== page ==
I have been writing that strong stocks often rise during the last week of the quarter as mutual funds spruce up their portfolios to look smart in their quarterly reports sent to investors. The indexes sold off on high volume at the end of the day on Friday and I am waiting to see what happens this week now that the quarter is over. The SPY and DIA are weaker then the QQQ and up against some technical resistance. Also, having passed day U-78 in the current QQQ short term up-trend, we are approaching the longest up-trend since I began recording this in 2006 (at U-88). I therefore would not be surprised to see some short term turbulence this week….
Chart patterns often times mislead us into thinking that obtaining gains is easier than it is. Often times a stock has a major break-out (GLB) only to have it vacillate and consolidate before it takes off. On a chart the consolidation looks small and rapid but in reality it often means that we buyers need to have incredible patience to hold on. The greatest trader, Jesse Livermore, said that it was his sitting tight not his trading that made him big money. When you see on a chart that after the GLB a stock eventually continued its rise you think that patience with the position must have been easy. But in fact holding on in the days and weeks after a break-out is psychologically very difficult because we do not know what the outcome will be. This daily chart of PNRA provides a good example of this situation. After a green line break-out (GLB) to an all time high (ATH) on above average volume PNRA went sideways for about 23 days. Would you have held on through its ups and downs and all of the media pundits’ predictions of a market top during PNRA’s consolidation? It appears so easy to wait only when we can see how the story eventually ended! (Trading is mostly psychology.)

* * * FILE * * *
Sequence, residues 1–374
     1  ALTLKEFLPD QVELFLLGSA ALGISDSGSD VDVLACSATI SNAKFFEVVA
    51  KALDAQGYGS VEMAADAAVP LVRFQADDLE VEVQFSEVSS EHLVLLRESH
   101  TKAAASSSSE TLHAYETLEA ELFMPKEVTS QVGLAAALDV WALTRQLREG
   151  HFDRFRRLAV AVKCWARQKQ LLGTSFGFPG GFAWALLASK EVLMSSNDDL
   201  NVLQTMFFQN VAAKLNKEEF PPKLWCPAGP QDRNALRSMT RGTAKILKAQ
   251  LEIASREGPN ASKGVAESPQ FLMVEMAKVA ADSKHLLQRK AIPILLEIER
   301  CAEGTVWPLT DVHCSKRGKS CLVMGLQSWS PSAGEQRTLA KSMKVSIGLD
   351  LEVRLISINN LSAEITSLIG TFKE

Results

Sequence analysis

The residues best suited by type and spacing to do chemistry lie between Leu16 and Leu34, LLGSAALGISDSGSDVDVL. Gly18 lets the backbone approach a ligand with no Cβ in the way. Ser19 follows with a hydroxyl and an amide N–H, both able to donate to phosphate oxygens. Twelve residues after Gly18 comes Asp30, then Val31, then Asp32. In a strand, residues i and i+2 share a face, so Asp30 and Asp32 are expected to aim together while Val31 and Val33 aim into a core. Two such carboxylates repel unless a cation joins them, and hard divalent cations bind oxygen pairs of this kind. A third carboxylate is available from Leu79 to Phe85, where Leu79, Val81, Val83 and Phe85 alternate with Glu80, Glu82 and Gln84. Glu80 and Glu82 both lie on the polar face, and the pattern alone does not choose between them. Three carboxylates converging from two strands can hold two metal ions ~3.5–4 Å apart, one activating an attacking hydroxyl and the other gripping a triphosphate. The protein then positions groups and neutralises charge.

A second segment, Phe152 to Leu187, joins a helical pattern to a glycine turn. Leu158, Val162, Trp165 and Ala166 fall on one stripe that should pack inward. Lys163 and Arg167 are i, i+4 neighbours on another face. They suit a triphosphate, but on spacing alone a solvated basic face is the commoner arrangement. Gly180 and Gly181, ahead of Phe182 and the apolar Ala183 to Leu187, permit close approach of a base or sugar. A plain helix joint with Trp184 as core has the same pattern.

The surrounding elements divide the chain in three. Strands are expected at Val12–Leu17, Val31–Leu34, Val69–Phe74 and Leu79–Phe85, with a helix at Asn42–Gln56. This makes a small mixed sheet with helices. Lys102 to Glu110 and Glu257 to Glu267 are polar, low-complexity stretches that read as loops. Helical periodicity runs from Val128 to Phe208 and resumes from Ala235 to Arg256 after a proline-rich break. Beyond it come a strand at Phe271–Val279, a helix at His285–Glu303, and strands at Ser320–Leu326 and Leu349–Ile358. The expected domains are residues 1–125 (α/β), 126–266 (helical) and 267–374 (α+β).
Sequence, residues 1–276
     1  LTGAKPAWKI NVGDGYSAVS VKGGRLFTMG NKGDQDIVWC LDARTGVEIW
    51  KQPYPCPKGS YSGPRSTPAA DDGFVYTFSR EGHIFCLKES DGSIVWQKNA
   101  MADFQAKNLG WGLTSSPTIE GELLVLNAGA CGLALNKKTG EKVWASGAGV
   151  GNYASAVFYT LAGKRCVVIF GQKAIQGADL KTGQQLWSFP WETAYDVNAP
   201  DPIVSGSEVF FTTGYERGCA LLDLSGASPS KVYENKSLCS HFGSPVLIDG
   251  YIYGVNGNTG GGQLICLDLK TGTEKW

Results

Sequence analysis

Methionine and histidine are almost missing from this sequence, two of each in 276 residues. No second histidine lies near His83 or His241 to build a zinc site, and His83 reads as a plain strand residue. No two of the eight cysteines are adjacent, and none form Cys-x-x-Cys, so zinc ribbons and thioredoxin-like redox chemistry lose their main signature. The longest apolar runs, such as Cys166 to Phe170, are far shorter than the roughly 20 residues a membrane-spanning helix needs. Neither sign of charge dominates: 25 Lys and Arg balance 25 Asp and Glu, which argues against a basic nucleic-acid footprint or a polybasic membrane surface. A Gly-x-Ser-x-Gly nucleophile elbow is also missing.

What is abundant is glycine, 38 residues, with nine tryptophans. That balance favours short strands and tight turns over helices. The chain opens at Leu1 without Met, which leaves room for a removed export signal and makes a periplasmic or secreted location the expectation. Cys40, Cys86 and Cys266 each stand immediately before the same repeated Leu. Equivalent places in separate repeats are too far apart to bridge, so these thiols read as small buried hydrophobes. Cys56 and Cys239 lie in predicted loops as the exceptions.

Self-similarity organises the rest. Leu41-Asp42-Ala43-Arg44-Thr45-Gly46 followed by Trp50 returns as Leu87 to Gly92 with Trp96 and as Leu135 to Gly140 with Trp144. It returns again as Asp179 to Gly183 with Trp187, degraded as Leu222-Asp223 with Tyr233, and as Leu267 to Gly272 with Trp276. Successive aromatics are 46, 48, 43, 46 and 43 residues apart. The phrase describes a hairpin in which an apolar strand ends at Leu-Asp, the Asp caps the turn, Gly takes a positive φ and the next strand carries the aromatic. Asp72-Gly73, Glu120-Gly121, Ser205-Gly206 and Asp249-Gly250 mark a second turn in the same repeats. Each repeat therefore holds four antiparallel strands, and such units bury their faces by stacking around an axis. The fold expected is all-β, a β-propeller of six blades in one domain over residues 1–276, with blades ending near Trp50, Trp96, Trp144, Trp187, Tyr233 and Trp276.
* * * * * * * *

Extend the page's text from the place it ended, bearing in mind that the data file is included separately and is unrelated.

This is one of the reasons why I like the daily RWB strategy that I have been describing lately. It helps me to cut through the daily noise. PNRA remained in a nice RWB pattern after its GLB. It never closed below all of its red lines (RLC never equalled 0). There were 4 days when any daily low (indicated by purple dots) was below all of the red lines and in the white space between the two sets of lines, but PNRA always rebounded to close within the red lines (dotted line tracks the daily close). Hence my preference to use mental stops sometimes and to check my positions around 15 minutes before the close each day. But even a close below all 6 red lines is not necessarily the preferred exit point. Alternatively, I might just reduce my position or wait for a close below at least one blue line. As long as the RWB pattern is in place with any white space between the red and blue lines the stock is in an up-trend. Also, after a GLB, I must sell if the stock closes back below the green break-out line. (When a set-up fails to proceed as expected, I exit.) PNRA never breached its green line……
FIZZ is a perfect example of the RWB of a stock that never hesitated after its GLB. Note that FIZZ has closed above all of its 12 daily averages for weeks, even before its GLB. No daily low has even occurred in the white space! Its pattern is still a perfect 12/12/6/6.
Had I only traded FIZZ on the day of its GLB or sooner……
The reason I am very skeptical of the health of the overall market is this chart of the SPY. The chart has a 9/6/6 daily pattern which shows that only 9 of the 12 daily averages line up perfectly and SPY closed Friday above the 6 red lines and 6 blue lines. However, the RWB pattern broke down last week and the red lines are back floating just a little above the blue lines. Note the diminished white space between the red and blue lines. Whether this minimal RWB pattern can survive will tell me the likely short term direction of this market. The 12 (12/9/6/6) shows me that all 12 weekly averages line up perfectly on a weekly RWB chart, indicating a strong longer term pattern. The DIA has a similar pattern, not shown. But remember, by definition, the short term trend always turns down before the longer term trend.
Note the stronger RWB pattern in the QQQ (12/12/6/6), reflecting strength in the non-financial and tech stocks contained in the NASDAQ 100 index.
This explains why the GMI, with its components focusing on the QQQ, remains at 4 (of 6).